“Don’t confuse two issues that are not related. There is a commission of inquiry that is looking at what happened on August 1, and we also have the Zimbabwe Republic Police (ZRP) whose duty is to enforce the law.
“The commissioner (Matanga) might have had his own reading, but as I have said before, the president did not make an offer to Chamisa, but the architecture of government.
“I don’t think the police would have political considerations before they arrest a person. That is not what is happening now,” Charamba said.
In his Thursday media briefing, Chamisa also said there was an attempt to push him into an “unholy alliance” with Mnangagwa, using crooked means.
“If you look at all the witnesses, not a single citizen has an issue with Chamisa except some in the State, who are working on a scripted and well-choreographed narrative to try and say Chamisa must come.
“How does Matanga speak about incitement and then say Chamisa has been given a position, and therefore we are waiting. Why should law enforcement be subjected to some of those vicissitudes of political considerations?
“It shows you there are issues to nudge me into a forced arrangement, into a forced marriage, into a rape. I want love not rape.
“This is why I have said we want dialogue in this country. We have said to Mnangagwa these are the issues at the table. We are ready anytime to engage,” Chamisa said then.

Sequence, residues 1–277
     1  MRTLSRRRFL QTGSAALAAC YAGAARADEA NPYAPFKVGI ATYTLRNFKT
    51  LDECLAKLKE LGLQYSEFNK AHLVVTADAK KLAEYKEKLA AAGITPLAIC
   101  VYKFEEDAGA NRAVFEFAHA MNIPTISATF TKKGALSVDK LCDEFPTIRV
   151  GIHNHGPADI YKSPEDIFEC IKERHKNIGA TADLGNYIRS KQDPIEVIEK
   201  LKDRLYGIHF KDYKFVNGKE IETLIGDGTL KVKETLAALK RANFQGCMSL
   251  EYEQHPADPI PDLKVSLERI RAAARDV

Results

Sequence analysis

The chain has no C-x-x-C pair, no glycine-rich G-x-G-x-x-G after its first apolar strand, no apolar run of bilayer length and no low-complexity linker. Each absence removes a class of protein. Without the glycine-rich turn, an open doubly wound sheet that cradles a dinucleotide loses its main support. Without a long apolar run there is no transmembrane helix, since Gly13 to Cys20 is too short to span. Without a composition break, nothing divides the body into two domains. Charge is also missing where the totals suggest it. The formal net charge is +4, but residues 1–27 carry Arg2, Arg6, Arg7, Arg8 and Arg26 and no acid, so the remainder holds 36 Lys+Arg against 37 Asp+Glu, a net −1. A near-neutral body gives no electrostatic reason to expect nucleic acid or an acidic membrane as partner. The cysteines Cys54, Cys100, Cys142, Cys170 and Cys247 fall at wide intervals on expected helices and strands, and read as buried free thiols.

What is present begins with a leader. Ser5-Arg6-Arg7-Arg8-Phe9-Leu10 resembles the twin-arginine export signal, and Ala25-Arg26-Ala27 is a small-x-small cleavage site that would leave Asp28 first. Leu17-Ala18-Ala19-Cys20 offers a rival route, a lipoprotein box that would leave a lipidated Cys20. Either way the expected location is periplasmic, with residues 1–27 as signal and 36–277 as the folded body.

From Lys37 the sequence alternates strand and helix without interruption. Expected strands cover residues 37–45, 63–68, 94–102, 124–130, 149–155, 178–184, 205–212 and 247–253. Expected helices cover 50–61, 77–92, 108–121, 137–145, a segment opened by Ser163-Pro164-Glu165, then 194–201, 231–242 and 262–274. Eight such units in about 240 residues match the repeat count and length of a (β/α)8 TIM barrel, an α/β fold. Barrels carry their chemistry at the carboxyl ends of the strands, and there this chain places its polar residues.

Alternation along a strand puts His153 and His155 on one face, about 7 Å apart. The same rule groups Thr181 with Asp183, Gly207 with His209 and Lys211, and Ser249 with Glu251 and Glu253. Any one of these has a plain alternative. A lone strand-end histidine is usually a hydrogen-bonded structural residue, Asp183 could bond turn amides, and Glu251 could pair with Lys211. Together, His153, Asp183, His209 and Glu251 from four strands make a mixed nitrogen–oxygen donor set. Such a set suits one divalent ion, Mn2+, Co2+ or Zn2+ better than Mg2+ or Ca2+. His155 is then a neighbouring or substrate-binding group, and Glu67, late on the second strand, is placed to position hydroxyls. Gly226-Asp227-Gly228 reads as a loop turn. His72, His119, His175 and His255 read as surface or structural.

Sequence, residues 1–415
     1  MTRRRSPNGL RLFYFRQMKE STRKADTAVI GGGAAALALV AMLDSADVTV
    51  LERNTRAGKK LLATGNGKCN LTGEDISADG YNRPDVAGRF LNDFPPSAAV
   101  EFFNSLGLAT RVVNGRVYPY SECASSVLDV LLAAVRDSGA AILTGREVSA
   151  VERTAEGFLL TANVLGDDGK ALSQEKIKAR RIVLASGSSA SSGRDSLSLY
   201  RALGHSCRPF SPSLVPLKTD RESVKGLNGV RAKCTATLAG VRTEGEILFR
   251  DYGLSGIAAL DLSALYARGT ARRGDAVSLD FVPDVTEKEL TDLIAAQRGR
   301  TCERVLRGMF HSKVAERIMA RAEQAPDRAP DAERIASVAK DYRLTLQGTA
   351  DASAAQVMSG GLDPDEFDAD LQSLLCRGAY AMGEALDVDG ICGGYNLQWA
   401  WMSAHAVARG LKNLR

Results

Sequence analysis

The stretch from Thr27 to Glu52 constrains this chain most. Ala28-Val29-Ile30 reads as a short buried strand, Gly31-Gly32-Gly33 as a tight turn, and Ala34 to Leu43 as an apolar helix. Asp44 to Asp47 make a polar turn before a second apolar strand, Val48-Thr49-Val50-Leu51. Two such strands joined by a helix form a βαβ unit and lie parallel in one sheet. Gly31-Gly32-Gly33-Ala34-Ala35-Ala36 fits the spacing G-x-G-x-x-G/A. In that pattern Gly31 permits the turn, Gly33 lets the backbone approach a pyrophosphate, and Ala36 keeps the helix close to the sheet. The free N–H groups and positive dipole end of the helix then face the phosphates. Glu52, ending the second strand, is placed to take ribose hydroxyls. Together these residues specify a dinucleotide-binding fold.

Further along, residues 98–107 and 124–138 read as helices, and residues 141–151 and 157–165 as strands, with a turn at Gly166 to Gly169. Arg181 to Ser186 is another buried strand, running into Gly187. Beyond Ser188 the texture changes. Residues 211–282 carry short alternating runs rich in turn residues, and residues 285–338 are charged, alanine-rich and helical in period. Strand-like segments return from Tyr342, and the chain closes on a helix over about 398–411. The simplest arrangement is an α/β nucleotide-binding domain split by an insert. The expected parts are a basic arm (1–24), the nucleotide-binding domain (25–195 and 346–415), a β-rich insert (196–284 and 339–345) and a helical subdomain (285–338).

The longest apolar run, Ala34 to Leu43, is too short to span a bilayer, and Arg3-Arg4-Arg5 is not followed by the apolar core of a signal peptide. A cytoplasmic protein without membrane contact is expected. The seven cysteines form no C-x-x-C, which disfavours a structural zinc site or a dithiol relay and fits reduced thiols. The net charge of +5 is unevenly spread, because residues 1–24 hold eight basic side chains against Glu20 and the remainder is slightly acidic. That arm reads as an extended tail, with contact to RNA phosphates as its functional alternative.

Mnangagwa appointed the current killings inquiry in September, to probe the August 1 deaths which sullied the relatively peaceful July 30 national elections which had been widely hailed up to that point.
The seven-member commission is led by former South African president Kgalema Motlanthe.
The other members of the team are academics Lovemore Madhuku and Charity Manyeruke, Law Society of Zimbabwe (LSZ) ex-president Vimbai Nyemba, Rodney Dixon of the United Kingdom, former Tanzanian chief of the defence forces General Davis Mwamunyange and ex-Commonwealth secretary-general Chief Emeka Anyaoku of Nigeria.
The killings also cast a huge pall over Zimbabwe’s hopes of recovering from years of ousted former president Robert Mugabe’s ruinous rule.
The shootings occurred after millions of Zimbabweans had cast their votes in the polls to choose both a new Parliament and president — following the dramatic fall from power of Mugabe last November.
The elections were the first since 1980 to be held in the country without Mugabe’s participation, whose 37-year, iron-fisted rule was stunningly ended by a military intervention which triggered events that ended with his resignation.
The elections also marked the first time that the main opposition MDC was not represented by its founding leader Morgan Tsvangirai, who lost his brave battle against colon cancer on Valentine’s Day this year.
Political analysts have also said the August 1 violence and the resultant deaths had done a lot of harm to Mnangagwa’s quests to mend years of frosty relations with Western governments.